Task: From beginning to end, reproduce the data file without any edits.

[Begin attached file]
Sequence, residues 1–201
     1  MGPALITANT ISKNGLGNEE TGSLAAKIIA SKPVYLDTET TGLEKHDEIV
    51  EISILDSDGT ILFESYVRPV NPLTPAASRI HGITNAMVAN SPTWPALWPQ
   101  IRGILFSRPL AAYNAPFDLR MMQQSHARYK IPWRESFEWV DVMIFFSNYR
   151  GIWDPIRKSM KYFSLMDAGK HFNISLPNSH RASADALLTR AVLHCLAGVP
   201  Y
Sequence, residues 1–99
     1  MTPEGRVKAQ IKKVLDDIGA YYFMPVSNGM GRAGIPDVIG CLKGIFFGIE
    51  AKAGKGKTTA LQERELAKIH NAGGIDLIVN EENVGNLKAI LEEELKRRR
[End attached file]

Sequence, residues 1–201
     1  MGPALITANT ISKNGLGNEE TGSLAAKIIA SKPVYLDTET TGLEKHDEIV
    51  EISILDSDGT ILFESYVRPV NPLTPAASRI HGITNAMVAN SPTWPALWPQ
   101  IRGILFSRPL AAYNAPFDLR MMQQSHARYK IPWRESFEWV DVMIFFSNYR
   151  GIWDPIRKSM KYFSLMDAGK HFNISLPNSH RASADALLTR AVLHCLAGVP
   201  Y
Sequence, residues 1–99
     1  MTPEGRVKAQ IKKVLDDIGA YYFMPVSNGM GRAGIPDVIG CLKGIFFGIE
    51  AKAGKGKTTA LQERELAKIH NAGGIDLIVN EENVGNLKAI LEEELKRRR